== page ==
the problem is to know what questions to ask

“As we move to driverless cars and machine learning and an economy in which any action that is repeated can be automated, let’s spare a thought for the kids who only get Cs in school. What will become of them? What do you mean you have no idea? That’s your job! Let’s bring some small measure of consensus back to political culture.” – John Ibbitson, Globe & Mail 2016-10-07

As we move into a network society, every existing form of human organization will come under pressure to adapt to the new realities that are beginning to emerge. Almost everything is changing, except human behaviour. First we shape our structures, then our structures shape us. We are in desperate need of new structures.

We are the media: Social media extend emotion, obsolesce the linearity and logic of print, retrieve orality, and when pushed to their extreme result in constant outrage. This is what John Ibbitson is so concerned with. But this is the new nature of a digitally networked world. We cannot ‘go back to Peoria’, as it no longer exists as a convenient litmus test. It has been fragmented into millions of disconnected pieces.

We are the experts: Formal learning and explicit knowledge are not enough to navigate and make sense of the complexities of an interconnected world. We need new mental models to share and to better understand others. The problem is not getting a C at school. The problem is the structure of the school itself. As Eric McLuhan said, “The new media won’t fit into the classroom. It already surrounds it. Perhaps that is the challenge of the counterculture. The problem is to know what questions to ask.”

We need to organize work differently: I have an idea, actually several of them for John Ibbitson and others. If we as a society think it is important that citizens are engaged, people are passionate about their work, and that we all contribute to making a better world, then we need to enable self-organization. Central planning and hierarchical decision-making are just too slow and ineffective, especially for complex situations involving lots of people.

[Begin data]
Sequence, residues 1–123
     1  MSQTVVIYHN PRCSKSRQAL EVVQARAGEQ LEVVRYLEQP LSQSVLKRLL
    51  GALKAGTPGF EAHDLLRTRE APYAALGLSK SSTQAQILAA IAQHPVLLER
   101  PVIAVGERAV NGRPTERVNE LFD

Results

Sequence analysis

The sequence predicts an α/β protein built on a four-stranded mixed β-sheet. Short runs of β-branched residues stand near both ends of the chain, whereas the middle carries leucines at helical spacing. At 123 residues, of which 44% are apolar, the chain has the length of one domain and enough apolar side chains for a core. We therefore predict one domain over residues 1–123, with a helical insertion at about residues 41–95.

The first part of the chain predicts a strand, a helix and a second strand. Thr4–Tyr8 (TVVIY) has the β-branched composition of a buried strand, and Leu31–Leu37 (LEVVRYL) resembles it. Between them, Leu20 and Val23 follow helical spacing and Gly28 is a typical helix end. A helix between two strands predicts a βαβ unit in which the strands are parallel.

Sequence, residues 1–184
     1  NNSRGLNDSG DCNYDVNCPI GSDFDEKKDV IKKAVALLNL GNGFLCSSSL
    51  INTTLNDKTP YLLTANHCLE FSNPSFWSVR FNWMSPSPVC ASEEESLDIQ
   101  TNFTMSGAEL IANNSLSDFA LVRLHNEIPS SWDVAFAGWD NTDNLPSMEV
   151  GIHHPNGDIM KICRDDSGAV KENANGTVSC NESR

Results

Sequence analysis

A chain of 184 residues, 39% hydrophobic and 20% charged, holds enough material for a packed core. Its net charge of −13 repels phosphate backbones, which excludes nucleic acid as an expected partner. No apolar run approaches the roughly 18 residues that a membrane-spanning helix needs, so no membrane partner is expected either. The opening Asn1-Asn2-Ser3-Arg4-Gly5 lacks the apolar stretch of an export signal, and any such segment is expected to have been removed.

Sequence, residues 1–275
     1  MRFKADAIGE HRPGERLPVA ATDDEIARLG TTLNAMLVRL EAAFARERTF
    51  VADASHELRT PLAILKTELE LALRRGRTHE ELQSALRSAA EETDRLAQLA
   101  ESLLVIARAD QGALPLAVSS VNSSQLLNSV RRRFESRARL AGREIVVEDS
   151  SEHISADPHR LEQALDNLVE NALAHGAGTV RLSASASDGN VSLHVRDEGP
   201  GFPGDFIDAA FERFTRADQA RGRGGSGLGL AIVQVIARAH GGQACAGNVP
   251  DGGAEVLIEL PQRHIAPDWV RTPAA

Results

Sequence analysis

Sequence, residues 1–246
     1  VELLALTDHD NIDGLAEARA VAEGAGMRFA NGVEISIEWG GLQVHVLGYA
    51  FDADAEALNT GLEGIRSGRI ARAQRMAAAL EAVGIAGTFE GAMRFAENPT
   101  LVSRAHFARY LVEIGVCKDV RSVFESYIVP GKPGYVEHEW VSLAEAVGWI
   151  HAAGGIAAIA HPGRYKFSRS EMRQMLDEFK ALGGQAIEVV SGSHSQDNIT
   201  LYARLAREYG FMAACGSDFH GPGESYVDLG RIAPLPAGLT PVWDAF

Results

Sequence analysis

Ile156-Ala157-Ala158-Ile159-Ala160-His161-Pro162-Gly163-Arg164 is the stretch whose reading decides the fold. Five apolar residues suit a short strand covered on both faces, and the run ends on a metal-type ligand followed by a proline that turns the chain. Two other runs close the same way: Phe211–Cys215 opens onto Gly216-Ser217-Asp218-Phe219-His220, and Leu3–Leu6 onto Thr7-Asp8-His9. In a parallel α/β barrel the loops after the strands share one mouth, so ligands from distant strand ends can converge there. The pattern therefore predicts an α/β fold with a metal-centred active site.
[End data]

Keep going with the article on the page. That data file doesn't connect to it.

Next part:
Using the network learning model, one can see how people constantly navigate between social networks, communities of practice, and work teams. Personal knowledge mastery is the individual discipline that can enable this, while working out loud is how groups stay in touch and learn. It all hinges on individuals taking control of their learning, and organizations giving up control. It is not a model of building consensus around the ideas of a dominant group, but one of constant learning and working in perpetual beta.

Hopefully what will become of those getting C’s at school is that they will have an opportunity to work in a network economy, where creativity, curiosity, and empathy are more important than subjective grades in arbitrary subjects. Learning is of critical importance, education as usual is not. The question is: how do we shape our structures for tomorrow?

“So, when we say that education is the best tool to prevent conflict, we are not only talking about education as usual, but about brand new skills to master and control the new powerful tools that ICTs and social media put in our hands. And it is not only digital literacy in the sense of knowing how to use a computer, or an Internet browser. Not even digital literacy in the sense of knowing where to get good information and how to manage it. It is about new strategic literacies to live in a brand new world that is just disclosing itself.” – Ismael Peña-López

One Response to “the problem is to know what questions to ask”

  1. Lorne Epstein

    Harold,

    I enjoyed the deep perspective you took in modeling what our future of work and education could look like. The first and second diagram you present are clear and thoughtful. Thanks for sharing.

    Lorne

    Reply

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